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Young agrees House bill may need trimming

With transportation bill uncertain, congressman says vital project still in works

By Liz Ruskin
Anchorage Daily News

WASHINGTON, D.C. – Under threat of a veto, Alaska Rep. Don Young said he may have to temporarily scale back his $375 billion national transportation plan, but that a bridge across Knik Arm would be part of a smaller bill he may present to the House this year.

"I think the administration is dead wrong, but I'm also a realist," Young said.

America's economy depends on increased transportation spending, Young said Tuesday, and Alaska's depends on the Knik bridge.

The bridge from Anchorage to Point MacKenzie "is the one thing that's for the future of the rail belt, the future for the state, the future for Fairbanks, the future of our resource development," he said in an interview with Alaska reporters Tuesday. "Without it, we really don't have much hope."

Young, chairman of the House Transportation and Infrastructure Committee, is in charge of renewing the six-year national transportation bill. Relying on figures from a federal report, he has insisted – to the cheers of the highway building industry and construction unions – that the country must have a $375 billion bill.

But the White House objected to the cost of his proposal, which would be a 60 percent increase over the last six-year bill. The president has pledged to veto the highway bill the Senate passed last month – and that one was $57 billion less than what Young wants.

Meanwhile, some of Young's fellow House Republicans have passionately opposed his proposal to pay for the plan by raising the gasoline tax – a user fee, Young calls it.

He said he knows he doesn't have a lot of company.

"I'm doing this primarily as the lone ranger because I know I'm right," he said.

One way around the impasse, Young said, is to pass a $100 billion bill that would cover just the next two years, rather than the usual six.

"My desire to have a two-year bill, frankly, is to rewrite a bill after the election – after the president is either re-elected or defeated – and put the user fee in place so we can do the job that's necessary," he said.

The bill sets the formula for distribution of highway dollars to the states. It also includes specific freeway, bridge and mass transit projects – pork, critics say – that Congress members requested for their districts.

The bill would include the "member projects" but guarantee their funding only for two years.

Congress would have to pass another bill to pay for the rest. The money would come from the highway trust fund, which is largely funded by the national gas tax.

Washington politicians are thinking too small when it comes to transportation spending, Young said.

Billions of dollars are wasted because Americans are stuck in traffic jams and their cars are rattled by rough roads, he said. The whole economy is "on the verge of imploding" because we're not improving the transportation system, Young said, and we're falling behind China.

"The reason we were No. 1 is our transportation system. That's what won the Cold War against Russia," he said. "Russia could never put a transportation system in place" to meet its economic goals.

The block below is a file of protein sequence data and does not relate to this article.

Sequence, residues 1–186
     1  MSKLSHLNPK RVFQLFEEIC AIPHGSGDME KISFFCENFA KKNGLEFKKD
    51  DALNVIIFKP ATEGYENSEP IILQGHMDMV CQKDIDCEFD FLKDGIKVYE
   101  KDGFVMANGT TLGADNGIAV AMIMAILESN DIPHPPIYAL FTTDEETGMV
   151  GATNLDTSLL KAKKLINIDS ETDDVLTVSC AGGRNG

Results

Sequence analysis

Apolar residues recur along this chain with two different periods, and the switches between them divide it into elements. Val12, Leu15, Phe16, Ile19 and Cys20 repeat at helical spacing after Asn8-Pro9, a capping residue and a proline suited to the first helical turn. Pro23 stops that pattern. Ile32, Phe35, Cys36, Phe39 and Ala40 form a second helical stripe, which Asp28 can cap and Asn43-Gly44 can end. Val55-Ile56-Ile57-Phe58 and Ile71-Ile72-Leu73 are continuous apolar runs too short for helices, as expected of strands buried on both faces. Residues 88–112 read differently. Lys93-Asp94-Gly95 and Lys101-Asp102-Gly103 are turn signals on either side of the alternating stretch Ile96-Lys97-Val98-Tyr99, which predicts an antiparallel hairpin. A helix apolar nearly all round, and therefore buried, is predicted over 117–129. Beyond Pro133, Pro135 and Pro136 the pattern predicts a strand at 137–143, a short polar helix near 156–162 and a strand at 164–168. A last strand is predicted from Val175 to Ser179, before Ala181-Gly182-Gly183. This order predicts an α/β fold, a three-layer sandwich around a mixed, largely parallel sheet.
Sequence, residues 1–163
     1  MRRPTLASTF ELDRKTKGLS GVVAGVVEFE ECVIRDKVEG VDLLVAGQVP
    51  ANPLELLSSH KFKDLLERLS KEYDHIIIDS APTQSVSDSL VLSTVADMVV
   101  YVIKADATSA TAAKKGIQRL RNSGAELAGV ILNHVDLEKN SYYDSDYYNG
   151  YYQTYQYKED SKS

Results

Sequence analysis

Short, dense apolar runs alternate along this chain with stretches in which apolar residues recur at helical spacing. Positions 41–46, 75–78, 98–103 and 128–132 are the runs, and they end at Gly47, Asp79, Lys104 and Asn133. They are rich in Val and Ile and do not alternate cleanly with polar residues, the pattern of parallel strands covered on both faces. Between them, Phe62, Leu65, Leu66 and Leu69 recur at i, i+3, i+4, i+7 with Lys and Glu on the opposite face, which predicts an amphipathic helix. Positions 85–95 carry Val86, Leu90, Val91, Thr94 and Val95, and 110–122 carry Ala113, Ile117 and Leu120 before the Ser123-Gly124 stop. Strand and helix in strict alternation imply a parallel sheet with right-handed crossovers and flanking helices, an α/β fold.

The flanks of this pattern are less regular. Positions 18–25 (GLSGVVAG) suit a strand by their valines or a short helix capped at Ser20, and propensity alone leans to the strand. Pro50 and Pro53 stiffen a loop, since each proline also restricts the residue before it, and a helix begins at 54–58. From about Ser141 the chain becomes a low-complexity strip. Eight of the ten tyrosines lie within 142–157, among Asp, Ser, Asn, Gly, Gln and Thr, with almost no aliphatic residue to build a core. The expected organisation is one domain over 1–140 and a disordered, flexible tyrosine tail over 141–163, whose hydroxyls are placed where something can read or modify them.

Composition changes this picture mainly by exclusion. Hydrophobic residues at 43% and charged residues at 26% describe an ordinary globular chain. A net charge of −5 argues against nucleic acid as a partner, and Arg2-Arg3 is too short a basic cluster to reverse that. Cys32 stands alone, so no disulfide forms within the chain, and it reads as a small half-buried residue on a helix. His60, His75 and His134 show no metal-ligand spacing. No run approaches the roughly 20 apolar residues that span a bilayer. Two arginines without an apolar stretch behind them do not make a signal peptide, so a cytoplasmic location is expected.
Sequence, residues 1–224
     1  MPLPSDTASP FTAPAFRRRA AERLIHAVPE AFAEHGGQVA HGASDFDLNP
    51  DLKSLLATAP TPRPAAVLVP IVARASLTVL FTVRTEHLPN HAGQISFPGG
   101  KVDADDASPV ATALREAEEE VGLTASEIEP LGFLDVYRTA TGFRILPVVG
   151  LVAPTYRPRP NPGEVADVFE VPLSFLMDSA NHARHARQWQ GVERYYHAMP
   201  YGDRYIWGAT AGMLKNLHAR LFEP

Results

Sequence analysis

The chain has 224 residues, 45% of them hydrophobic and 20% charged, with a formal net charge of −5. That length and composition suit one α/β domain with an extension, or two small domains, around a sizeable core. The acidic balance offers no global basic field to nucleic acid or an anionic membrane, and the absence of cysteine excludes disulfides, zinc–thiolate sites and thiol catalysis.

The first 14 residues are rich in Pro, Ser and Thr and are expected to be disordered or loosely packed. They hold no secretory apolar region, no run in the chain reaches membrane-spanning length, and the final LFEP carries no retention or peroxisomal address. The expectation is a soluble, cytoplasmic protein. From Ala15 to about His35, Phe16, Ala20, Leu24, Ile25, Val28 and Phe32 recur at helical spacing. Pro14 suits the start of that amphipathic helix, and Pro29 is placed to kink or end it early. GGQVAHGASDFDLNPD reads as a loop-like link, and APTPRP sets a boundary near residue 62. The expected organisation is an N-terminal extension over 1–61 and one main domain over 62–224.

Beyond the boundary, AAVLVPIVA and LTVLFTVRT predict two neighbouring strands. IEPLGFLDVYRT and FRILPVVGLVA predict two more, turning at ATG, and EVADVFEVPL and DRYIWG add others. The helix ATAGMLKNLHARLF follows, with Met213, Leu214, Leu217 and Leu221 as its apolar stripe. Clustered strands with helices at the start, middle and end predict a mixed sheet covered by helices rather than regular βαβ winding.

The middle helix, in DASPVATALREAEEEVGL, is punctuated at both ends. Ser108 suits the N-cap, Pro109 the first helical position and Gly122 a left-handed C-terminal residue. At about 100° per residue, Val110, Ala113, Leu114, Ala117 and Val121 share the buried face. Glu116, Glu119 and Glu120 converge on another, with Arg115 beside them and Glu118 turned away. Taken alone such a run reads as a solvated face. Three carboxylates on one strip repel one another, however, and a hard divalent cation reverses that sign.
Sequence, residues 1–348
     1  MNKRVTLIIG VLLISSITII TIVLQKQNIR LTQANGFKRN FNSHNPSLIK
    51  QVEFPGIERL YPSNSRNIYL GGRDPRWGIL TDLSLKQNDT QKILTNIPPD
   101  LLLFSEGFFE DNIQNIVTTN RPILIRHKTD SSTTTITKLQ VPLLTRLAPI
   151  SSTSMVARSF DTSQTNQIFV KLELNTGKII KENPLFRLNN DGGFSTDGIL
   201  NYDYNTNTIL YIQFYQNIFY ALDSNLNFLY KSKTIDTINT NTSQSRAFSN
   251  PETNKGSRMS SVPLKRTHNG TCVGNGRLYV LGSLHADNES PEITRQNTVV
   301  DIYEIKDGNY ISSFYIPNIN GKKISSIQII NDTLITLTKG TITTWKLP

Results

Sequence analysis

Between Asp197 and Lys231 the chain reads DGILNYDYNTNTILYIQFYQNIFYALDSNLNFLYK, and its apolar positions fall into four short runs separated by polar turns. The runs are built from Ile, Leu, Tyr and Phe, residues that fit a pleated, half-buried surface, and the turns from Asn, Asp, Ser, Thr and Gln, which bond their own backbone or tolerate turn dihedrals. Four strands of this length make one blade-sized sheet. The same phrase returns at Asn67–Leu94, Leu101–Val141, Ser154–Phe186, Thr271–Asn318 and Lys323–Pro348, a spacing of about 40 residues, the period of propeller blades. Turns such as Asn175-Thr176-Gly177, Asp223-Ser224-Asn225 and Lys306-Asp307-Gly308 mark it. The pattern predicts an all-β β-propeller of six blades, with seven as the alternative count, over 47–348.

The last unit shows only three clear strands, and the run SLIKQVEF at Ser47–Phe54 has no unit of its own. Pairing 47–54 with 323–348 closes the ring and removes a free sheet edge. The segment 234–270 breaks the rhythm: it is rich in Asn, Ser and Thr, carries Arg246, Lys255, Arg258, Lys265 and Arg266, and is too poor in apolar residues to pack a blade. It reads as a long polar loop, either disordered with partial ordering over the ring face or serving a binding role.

Young said he is sure he will win the gas tax increase eventually.

"People are going to be so frustrated they're going to demand that something's done," he said.

"Right now they're still whining but they won't really rise up on their hind legs and say, 'We want our roads fixed. We're willing to pay for them.' "

The White House, which has proposed a $256 billion plan, says reining in the transportation bill is important to curbing congressional spending.

Young is as passionate about improving the national transportation system as he is about building a Knik Arm bridge.

The projected costs of the bridge range from $400 million to $1 billion or more. Young said he can get enough federal money to make the project "attractive," but that the state would have to contribute money as well.

The state-chartered organization pressing for the bridge -- the Knik Arm Bridge and Toll Authority -- says the state needs a land link between the Port of Anchorage and the new one at Point MacKenzie. The bridge will trim what is now a two-hour drive between the ports to a two-mile hop, the authority says on its Web site.

Henry Springer, the director of the authority, said the bridge would expand the utility of both ports and improve the movement of freight. The bridge would also help support Fort Richardson's new Stryker brigade, he said.

Young cited a more common reason: access to undeveloped acreage.

Anchorage is rapidly running out of land for housing and industrial development, he said.

"The only way you can have land available for the young people of Alaska is to go across on the Knik crossing so they can build homes," Young said.

But critics of the bridge say it would waste a lot of money and lead to unnecessary sprawl.

Mike Mense, an Anchorage architect and a bridge opponent, said it's not true that Anchorage has a shortage of developable land.

Rather, the city is low on raw land that "low-budget developers can exploit for quick profit," he said in an opinion piece published in the Daily News.

The Anchorage Bowl has plenty of "underdeveloped" land, he said, and redeveloping it would cost the taxpayers less than they would spend on the bridge, road maintenance, and the many public services new neighborhoods require.